Michael shares some insight into the way back story of Red Tomato:
I’m not a baseball freak. But I was one growing up. So the first time I had to explain the origins of the Red Tomato name to a conference audience, I turned to baseball.
It was a national conference on food and agriculture sponsored by the Kellogg Foundation. I arrived at the auditorium 30 minutes early to scope out audience members as they dribbled in, looking for jocks or baseball caps. I found three willing recruits who said they could still field a ground ball with confidence. I handed each a baseball glove, cap, and told them where to sit.
When the time came, at the start of my presentation, the four of us reenacted the most famous double play combination in the history of the game–the Chicago Cubs’ trio: Tinkers to Evers to Chance. In place of the baseball, I used a so-called vine-ripe tomato (hard and pink) procured from a neighboring produce company that supplies pizza and sandwich shops. At Red Tomato we refer to these firm disappointments as nomatoes (suggested by Boston news commentator John Carroll.)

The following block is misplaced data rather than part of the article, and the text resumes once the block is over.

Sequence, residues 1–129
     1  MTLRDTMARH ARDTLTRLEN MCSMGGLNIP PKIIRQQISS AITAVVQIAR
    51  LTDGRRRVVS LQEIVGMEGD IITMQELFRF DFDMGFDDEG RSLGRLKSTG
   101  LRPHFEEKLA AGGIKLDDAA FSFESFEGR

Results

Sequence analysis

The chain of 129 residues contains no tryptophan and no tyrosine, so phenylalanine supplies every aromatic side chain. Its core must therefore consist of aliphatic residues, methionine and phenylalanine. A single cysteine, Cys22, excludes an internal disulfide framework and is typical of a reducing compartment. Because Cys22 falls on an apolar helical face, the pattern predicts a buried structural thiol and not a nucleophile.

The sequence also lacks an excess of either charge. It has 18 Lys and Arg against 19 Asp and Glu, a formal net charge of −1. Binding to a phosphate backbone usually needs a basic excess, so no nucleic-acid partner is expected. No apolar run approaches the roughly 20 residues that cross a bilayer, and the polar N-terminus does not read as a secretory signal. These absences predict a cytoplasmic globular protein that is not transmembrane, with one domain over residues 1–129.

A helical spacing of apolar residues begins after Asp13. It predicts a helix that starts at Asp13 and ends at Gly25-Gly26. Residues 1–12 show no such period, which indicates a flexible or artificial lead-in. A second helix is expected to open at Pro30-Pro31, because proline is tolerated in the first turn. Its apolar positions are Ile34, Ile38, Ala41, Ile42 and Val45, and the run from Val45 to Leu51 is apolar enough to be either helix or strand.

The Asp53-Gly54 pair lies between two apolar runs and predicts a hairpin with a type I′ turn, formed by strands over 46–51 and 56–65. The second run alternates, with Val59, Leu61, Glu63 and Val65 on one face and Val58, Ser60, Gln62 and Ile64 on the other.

I drew my wooden bat like a sword. The first volunteer, the third baseman, jumped up on stage. I batted the nomato to him in the form of a slow ground ball. He scooped it off the stage and threw it to the back of the auditorium (to the 2nd basewoman) who caught it and threw it to our third recruit. Mission accomplished. Two outs. The nomato was cracked but still intact.
That was the point! When you can substitute a salad ingredient for a baseball and successfully complete a double-play using a wooden bat, something is wrong.
Our name Red Tomato evokes the tomato that dribbles down your cheek and leaves you wanting another bite, and another and another. It’s bright red. It’s soft when ripe. It’s juicy. It’s very flavorful. (And it explodes when struck by a wooden bat.)
Some things are better demonstrated than explained.